They are sailors, activists and sometimes even volunteers. On board the Esperanza, the largest ship of Greenpeace, a crew of 20 people makes sure that the ship sails the seas in defense of the planet with the environmental philosophy always on board.
With the Dutch flag, the Esperanza is different from the majority of the ships it crosses in waters around the world: its propulsion system is designed to reduce CO2 emissions, the paint on its hull has no toxic and its heating It is based on the use of waste.
Therefore, the work of the crew is not only to ensure that the ship arrives at the next port, but to carry the message throughout the voyage; in this case, the protection of the oceans, the objective of the expedition "From Polo to Polo" that these days keeps the ship in the waters of the Portuguese Azores.
"The Greenpeace ships are not commercial, so the objective is totally different, we are not working to make a profit," explains Russian-born Spaniard Vlad Votiacov, who heads Esperanza at this stage of the expedition.
Votiacov came to Greenpeace in 2007 and a year later he started working as a captain. His long experience has allowed him to verify that the crews that work for the environmental organization are "unique".
"It's not the crew of a common commercial ship, the percentage of people with studies is much higher, which creates an interesting environment, sometimes it's a challenge," he laughs.
Everyone is united in the dedication to fight for the conservation of the environment, as assured by the second in command, the Panamanian Adrián, who is the first officer.
"The human warmth is what makes a special Greenpeace ship," says Adrián, who worked on cargo vessels until, 13 years ago, he decided he wanted to use his knowledge of seamanship for another purpose.
"Over the years I realized that I wanted to use my skills not only for commercial benefit but also to help preserve the environment," he says.
The crew rotates, although they usually spend three months on board and three more on the mainland. All are linked to the organization and many of them started as partners or volunteers.
This is the case of David, a 26-year-old sailor from the Canary Islands (Spain), who approached Greenpeace eight years ago and became an activist.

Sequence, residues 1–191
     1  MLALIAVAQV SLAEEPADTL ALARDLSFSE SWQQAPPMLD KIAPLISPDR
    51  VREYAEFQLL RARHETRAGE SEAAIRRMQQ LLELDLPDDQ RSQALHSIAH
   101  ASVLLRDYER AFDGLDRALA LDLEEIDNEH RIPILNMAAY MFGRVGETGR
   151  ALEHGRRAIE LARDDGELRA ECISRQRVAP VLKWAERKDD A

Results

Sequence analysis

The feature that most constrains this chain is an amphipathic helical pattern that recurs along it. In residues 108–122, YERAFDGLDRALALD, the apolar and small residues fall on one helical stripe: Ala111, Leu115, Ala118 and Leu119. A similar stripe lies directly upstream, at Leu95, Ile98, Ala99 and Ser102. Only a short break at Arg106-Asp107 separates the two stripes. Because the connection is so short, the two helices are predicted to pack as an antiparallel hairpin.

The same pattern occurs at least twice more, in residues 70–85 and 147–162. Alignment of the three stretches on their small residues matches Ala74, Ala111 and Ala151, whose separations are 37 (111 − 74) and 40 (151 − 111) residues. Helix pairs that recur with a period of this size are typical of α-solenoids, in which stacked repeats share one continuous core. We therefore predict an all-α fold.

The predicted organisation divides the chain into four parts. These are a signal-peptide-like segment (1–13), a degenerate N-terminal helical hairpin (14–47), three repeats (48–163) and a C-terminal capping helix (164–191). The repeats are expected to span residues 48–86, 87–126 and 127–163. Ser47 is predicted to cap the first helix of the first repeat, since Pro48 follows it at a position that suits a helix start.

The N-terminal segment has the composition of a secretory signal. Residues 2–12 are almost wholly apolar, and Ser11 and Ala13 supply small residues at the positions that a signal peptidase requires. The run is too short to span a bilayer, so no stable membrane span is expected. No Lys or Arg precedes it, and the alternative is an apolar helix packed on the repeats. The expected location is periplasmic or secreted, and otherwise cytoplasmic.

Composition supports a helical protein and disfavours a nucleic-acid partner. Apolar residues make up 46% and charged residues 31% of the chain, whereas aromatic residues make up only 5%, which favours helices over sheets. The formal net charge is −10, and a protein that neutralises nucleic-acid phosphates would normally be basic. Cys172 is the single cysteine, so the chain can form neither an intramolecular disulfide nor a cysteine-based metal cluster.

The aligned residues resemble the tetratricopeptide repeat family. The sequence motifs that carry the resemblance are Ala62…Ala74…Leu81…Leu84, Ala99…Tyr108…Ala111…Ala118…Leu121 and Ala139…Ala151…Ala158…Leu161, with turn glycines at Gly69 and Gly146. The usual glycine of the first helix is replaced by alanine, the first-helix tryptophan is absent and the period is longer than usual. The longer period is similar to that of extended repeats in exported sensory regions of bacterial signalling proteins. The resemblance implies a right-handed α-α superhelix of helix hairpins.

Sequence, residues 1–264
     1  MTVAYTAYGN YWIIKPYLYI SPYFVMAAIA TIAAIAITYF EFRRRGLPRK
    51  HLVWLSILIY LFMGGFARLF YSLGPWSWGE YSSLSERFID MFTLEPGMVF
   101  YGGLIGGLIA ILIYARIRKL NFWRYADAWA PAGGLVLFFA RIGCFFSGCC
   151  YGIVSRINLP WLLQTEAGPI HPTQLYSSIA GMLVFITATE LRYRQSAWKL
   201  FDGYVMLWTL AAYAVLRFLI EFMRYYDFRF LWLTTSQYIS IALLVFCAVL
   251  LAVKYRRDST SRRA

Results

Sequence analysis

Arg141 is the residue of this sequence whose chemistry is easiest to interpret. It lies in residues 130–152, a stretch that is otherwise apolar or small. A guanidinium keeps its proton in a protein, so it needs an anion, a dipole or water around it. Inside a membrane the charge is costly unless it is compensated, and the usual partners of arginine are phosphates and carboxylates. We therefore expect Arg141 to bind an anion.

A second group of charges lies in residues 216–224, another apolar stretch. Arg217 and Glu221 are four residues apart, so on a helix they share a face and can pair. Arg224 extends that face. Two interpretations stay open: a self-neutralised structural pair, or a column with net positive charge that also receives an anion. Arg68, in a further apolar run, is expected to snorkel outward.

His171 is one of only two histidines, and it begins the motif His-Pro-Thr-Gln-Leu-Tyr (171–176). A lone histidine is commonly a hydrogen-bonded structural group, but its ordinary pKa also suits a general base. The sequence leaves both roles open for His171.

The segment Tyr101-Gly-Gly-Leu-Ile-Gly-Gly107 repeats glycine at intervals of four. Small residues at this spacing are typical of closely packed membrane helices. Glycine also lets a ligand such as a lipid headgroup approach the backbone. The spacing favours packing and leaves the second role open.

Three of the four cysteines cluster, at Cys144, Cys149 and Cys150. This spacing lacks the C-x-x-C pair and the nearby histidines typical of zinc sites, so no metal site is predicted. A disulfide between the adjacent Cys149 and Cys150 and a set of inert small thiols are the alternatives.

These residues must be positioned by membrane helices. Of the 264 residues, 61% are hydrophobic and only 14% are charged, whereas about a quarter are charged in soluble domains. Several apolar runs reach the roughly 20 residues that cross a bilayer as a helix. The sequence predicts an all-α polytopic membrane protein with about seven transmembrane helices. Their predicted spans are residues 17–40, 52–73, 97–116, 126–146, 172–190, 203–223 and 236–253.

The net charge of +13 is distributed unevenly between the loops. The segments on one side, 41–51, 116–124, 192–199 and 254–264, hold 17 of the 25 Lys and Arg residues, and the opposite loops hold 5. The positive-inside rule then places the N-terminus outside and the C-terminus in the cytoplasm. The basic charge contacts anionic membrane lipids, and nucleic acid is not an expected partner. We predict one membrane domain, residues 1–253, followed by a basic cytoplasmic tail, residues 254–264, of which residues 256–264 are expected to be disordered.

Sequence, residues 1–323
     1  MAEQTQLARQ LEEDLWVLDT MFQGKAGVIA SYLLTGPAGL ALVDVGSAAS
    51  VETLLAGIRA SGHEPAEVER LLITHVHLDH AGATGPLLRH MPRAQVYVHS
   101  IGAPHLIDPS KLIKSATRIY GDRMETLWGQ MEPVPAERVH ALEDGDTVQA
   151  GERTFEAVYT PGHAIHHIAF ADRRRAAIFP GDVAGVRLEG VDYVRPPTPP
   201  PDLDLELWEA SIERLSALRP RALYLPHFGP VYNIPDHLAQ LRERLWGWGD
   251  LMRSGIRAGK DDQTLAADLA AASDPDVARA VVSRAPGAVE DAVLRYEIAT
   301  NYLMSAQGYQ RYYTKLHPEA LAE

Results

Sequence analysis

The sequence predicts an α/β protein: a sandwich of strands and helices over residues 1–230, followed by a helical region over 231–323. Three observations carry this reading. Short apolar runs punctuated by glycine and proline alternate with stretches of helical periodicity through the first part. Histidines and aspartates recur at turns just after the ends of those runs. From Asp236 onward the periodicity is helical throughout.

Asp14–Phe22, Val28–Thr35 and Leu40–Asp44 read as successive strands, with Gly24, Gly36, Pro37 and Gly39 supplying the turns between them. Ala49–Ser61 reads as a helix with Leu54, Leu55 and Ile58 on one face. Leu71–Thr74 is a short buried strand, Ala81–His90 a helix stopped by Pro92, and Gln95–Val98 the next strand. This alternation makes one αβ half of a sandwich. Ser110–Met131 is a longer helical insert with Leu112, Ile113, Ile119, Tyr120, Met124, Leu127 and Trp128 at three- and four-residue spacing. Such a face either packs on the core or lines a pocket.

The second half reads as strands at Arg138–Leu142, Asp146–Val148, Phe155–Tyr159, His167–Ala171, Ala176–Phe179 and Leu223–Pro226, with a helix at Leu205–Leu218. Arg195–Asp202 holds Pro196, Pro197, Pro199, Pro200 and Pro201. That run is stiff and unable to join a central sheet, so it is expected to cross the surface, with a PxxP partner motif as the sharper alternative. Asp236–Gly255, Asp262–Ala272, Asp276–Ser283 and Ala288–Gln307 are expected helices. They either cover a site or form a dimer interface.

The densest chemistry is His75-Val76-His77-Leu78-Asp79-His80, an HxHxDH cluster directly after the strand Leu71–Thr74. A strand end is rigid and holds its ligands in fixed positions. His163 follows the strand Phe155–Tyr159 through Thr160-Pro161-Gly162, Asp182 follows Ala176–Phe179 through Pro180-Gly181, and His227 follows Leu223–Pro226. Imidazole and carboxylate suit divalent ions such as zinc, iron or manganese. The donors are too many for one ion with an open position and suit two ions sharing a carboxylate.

Four years ago, when Esperanza began to frequently pass through the islands, he decided to embark as a volunteer and learn seamanship work.
"Greenpeace now means something else, it's part of me," says the young Spaniard, who in this journey is the "garbologist", the one in charge of separating the garbage well for proper recycling.
In the boats of the organization, all the waste is separated: the organics are frozen until they reach an area where it is allowed to throw them overboard, and the rest is saved until reaching port.
The "good vibes," says David, is always present among the crew. In the morning, after breakfast, all the cleaning tasks are distributed, in which the guests who get on the boat are encouraged to participate, whether they are responsible for Greenpeace, scientists or journalists.
All gather around three large tables at lunch and dinner, with a menu that is 90% vegetable, sometimes even more, explains Efe the cook, the Mexican Daniel.
Daniel has been working with Greenpeace for more than 15 years and has lost track of the trips he has made on the organization's ships, where he uses organic agro-ecological ingredients, which is not always easy to find when they dock on a remote island. They need provisions for several weeks.
"It is difficult but always, in all the places I have been, there is at least a small portion of organic production," he says while preparing gnocchi with several sauces.
Gnocchi are the "most popular option" of this day, which will be accompanied by other more exotic dishes that can range from Mexican food to Thai curry.
All to please a crew so diverse that, in this journey, is composed of a fortnight of nationalities that have a common goal: to conserve the environment.
(tagsToTranslate) Mariners (t) activists (t) board (t) major (t) Greenpeace